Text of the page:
Many of the symptoms of the virus mimic the common cold and include a wide range of illness from mild symptoms to severe respiratory illness Symptoms may appear between 24 hours and 14 days after exposure to the virus. Symptoms may be similar to other viral respiratory illnesses and include:
Also be mindful that we will be entering flu season and pollen counts are high with seasonal changes, so there are many other causes for upper respiratory symptoms.
As with any viral respiratory illness, COVID-19 can spread from person to person through small respiratory droplets, which are dispersed when a person with the virus coughs or sneezes and are then inhaled by another person or come in contact with their mouth, nose or eyes. These droplets can also land on objects and surfaces around the infected person. Other people then catch the virus by touching these objects or surfaces, then touching their eyes, nose or mouth.
There is currently no vaccine to prevent COVID-19. The best way to prevent the spread of germs is making, social distancing and proper hand hygiene and cough etiquette. Below are some other tips:
Based on CDC guidelines, if you think you may have COVID-19 and are experiencing minor symptoms, Memorial Hermann recommends you utilize virtual care options to consult with a healthcare provider to determine if testing for COVID-19 is appropriate and self-quarantine at home for at least 10 days after the start of symptoms, if you do not have a negative COVID test result. For severe symptoms, call ahead to your local Emergency Center prior to arriving or dial 911 if you need emergent care.
Memorial Hermann follows Public Health guidelines for COVID-19 testing, which includes evaluating for relevant symptoms, and potential exposure. If you suspect you may have COVID-19 and would like to consult with a healthcare provider, you are encouraged to use telemedicine and virtual care options.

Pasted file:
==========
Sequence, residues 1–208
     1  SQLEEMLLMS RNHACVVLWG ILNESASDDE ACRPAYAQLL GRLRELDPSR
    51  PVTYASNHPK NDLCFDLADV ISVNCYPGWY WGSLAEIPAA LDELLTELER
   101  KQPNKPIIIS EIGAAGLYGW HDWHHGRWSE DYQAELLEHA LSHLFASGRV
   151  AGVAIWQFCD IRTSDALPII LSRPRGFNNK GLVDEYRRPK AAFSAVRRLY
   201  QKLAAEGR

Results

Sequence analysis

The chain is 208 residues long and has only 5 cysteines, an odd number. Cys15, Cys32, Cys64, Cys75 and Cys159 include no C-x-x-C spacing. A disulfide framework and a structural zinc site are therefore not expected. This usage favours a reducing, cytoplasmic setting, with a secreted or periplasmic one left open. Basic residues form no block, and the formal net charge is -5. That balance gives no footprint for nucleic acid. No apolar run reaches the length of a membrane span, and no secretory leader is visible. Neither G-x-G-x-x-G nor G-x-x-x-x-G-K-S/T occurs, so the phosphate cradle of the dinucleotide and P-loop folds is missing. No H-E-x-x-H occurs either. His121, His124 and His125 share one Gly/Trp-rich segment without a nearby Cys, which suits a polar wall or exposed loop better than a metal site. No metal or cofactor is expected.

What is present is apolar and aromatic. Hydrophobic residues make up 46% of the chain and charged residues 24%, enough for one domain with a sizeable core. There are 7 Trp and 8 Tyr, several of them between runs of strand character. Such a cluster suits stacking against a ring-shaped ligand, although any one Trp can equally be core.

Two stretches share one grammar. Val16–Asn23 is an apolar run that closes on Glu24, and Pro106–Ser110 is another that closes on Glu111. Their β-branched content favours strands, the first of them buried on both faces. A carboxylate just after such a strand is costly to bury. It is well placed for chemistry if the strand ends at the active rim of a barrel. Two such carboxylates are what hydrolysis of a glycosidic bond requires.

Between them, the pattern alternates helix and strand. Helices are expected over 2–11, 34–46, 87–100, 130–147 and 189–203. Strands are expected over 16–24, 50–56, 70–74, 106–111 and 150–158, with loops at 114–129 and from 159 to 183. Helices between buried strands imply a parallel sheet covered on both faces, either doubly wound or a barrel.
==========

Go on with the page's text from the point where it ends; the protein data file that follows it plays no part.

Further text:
The Houston Health Department also provides free community COVID-19 testing. A complete list of testing sites and times can be found here.
No, Tamiflu will not protect you from getting COVID-19. Tamiflu is a drug to treat the flu, not a vaccine. The virus is so new and different that it needs its own vaccine. Researchers internationally have been working to test and develop antiviral medications and vaccines.
It is not certain how long the virus that causes COVID-19 survives on surfaces, but it seems to behave like other coronaviruses. Studies suggest that coronaviruses may persist. Frequent cleaning of high touch surfaces with approved cleaners is recommended. If you think a surface may be contaminated, clean it with simple disinfectant to kill the virus and protect yourself and others.
Memorial Hermann Health System is not currently accepting donations of personal protective equipment and disinfectant products. Memorial Hermann currently has a steady supply of personal protective equipment for our healthcare workers.
For more information on making a donation or for questions, email firstname.lastname@example.org
To make a philanthropic contribution, please visit our donation page.
We appreciate your thoughtfulness. With school closures and mandated stay home orders, our care providers are playing an increasingly demanding role at home. If you’re interested in assisting with childcare for families in need, visit Memorial Hermann Childcare Connect.
Memorial Hermann’s workforce has been trained to identify, isolate and treat individuals with infectious diseases, including COVID-19. The System has isolation policies and rooms across its hospitals designed to appropriately and effectively care for these patients while safeguarding others from exposure. In addition, our clinicians and physicians who provide direct patient care to affected individuals have been trained on the proper use of personal protective equipment (PPE), including gowns, gloves, eye coverings and masks. Historical outbreaks of other infectious diseases, such as swine flu, Ebola and Zika, have strengthened Memorial Hermann’s ability to respond to infectious disease situations in terms of readiness and preparedness.
Memorial Hermann is actively partnering with city and county officials, as well as other medical institutions in the Greater Houston area, to coordinate efforts and ensure our community stays safe and healthy.